Since Stacey Lynn Brown told her horrifying story, the poetry blogosphere has been afire with responses. The most interesting to me, because it makes such salient points, is Reb Livingston’s. Just one excerpt from a long, quote-worthy post:
If you used that $250 (which in many cases is a much higher number) towards a creative project, either publishing your own work or another poet you admire, you’d be much much better off. If you spent over $500 on contests, know you could have published your own or someone else’s book for that amount — and that includes distribution and a short run of copies. You could have started your own press. You could have gotten with three other poets and created a publishing collective.
Now, I haven’t spent more than $75 on contests this year, but I’ve been sending to chapbook contests, which are less expensive to enter. But contests do seem to be the dominant paradigm under which poetry publishing operates. And it’s funny that most of us have fallen in line, because most of us don’t benefit from the contest structure at all. I don’t blame the presses, most of which are ethical, because it makes sense for them to run these contests. Even Red Dragonfly Press (introduced to me through Collin Kelley’s blog), a small letterpress chapbook press whose list of authors include Dorianne Laux and Marianne Boruch, doesn’t take unsolicited manuscripts right now, and their website states that they’re contemplating starting up a contest.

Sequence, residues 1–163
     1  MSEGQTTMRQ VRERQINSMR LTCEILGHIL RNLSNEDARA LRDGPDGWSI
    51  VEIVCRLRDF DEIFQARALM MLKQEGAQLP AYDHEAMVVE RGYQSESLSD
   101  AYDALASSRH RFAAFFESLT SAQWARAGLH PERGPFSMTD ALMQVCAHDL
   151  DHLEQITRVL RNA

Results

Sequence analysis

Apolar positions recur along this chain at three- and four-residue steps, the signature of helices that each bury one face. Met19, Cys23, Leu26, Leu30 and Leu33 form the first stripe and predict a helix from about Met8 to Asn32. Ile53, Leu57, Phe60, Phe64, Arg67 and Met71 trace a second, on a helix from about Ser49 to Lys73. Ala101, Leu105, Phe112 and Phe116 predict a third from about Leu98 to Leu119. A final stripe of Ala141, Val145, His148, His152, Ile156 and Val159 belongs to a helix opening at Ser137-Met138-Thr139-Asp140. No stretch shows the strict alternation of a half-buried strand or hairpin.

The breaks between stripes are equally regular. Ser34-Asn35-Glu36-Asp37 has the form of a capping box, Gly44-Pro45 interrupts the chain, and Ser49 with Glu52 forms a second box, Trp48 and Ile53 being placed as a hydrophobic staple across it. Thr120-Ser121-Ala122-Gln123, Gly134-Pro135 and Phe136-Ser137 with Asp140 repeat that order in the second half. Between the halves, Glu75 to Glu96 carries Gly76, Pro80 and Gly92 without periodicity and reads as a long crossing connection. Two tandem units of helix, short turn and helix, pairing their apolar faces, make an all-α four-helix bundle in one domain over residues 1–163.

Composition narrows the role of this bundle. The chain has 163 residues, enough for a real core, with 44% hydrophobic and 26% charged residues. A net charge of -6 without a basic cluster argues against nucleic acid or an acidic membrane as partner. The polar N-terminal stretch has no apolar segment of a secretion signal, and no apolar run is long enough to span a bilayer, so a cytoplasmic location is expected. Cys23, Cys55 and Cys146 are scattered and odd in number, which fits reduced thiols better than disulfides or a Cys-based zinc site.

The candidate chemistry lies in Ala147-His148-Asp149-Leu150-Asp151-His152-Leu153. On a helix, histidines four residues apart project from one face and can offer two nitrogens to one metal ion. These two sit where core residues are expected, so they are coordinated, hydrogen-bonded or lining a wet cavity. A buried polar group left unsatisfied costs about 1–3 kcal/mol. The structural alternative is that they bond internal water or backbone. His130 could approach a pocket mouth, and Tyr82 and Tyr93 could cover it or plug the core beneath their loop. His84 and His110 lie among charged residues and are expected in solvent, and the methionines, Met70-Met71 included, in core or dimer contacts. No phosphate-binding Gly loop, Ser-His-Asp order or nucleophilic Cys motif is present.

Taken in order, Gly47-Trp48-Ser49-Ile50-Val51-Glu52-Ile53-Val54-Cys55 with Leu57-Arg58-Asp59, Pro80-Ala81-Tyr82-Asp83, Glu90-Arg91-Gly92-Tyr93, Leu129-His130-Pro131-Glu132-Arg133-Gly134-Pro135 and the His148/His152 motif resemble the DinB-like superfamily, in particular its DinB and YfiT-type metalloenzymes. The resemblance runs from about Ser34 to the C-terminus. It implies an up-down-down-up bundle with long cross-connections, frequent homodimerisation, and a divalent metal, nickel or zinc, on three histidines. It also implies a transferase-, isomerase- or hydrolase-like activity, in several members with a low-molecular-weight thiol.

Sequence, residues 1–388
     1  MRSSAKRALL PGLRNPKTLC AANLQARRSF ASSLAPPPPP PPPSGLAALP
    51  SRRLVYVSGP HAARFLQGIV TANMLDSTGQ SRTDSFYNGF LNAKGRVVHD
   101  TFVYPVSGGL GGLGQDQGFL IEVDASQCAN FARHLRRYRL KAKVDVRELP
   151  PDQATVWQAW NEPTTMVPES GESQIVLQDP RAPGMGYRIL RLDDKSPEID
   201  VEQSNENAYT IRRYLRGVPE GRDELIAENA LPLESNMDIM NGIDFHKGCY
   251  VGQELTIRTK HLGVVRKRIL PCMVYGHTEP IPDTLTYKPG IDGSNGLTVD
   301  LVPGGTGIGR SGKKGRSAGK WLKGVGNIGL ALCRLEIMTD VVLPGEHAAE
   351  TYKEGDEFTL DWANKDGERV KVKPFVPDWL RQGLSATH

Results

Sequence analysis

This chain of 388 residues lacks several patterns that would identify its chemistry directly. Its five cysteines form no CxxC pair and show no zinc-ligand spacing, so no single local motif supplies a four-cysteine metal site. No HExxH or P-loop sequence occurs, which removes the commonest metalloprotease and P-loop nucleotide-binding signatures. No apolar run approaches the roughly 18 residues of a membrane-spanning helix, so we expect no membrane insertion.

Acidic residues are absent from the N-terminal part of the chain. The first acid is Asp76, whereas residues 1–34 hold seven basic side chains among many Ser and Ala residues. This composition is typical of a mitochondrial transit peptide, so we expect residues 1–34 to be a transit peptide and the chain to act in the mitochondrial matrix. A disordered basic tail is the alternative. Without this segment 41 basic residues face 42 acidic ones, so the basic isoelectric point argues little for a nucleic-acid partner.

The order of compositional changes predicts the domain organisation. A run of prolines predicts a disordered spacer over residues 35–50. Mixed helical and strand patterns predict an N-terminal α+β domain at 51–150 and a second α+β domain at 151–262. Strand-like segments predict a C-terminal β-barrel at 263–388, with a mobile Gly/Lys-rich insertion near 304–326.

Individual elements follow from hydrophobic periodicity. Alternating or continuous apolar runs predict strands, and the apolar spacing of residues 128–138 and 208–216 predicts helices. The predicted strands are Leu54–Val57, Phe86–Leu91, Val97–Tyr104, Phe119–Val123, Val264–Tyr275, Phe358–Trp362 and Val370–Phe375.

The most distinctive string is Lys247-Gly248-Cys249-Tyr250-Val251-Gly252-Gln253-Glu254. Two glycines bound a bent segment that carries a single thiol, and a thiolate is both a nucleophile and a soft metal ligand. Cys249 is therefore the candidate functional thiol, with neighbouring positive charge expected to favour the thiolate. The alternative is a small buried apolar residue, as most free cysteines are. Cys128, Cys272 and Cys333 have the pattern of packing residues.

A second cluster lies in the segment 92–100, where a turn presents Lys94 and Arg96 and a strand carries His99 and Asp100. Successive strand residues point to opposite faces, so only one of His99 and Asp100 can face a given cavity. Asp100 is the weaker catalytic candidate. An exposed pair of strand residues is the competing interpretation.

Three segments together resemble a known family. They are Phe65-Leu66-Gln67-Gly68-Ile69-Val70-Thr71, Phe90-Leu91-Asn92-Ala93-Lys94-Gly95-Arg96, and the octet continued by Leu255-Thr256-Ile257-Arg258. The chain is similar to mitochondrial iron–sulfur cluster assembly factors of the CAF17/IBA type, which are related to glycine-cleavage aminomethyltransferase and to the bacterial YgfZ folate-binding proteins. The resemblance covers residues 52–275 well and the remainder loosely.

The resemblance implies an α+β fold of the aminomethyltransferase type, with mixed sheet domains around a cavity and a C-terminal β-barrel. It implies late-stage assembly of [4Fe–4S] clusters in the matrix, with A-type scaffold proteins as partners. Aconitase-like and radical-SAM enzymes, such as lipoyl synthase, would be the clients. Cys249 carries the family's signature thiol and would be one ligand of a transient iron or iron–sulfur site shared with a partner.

But if it makes sense for presses, does it make sense for poets? Why do we do it?
- The obvious: everyone wants to be a “winner”. The prestige may be illusory, but the allure exists, no question.
- It can seem the only way to get published. Even some presses with open reading periods still require a reading fee. And there are far more poetry contests than there are open reading periods — and the number of hopeful poets dwarfs both.
I don’t know where the solution lies. My friend is publishing her first chapbook with a lovely small press here in Shelburne Falls, and another friend belongs to just the sort of poetry collective Reb describes. But I know that I don’t want to be a publisher — I’m already a bookseller, my negative bottomline can’t afford more. And a publisher doesn’t just publish, good ones, anyway: they market, distribute, handle accounts.
But I think the gist of Reb’s post carries beyond just publishing & contests. As poets & readers of poetry, we need to do more to support the poetry community at large, to help it grow and sustain itself without having to resort to contests. Buy more books! And I like to think that my work with the Collected Poets Series also counts. But above all, buy more books!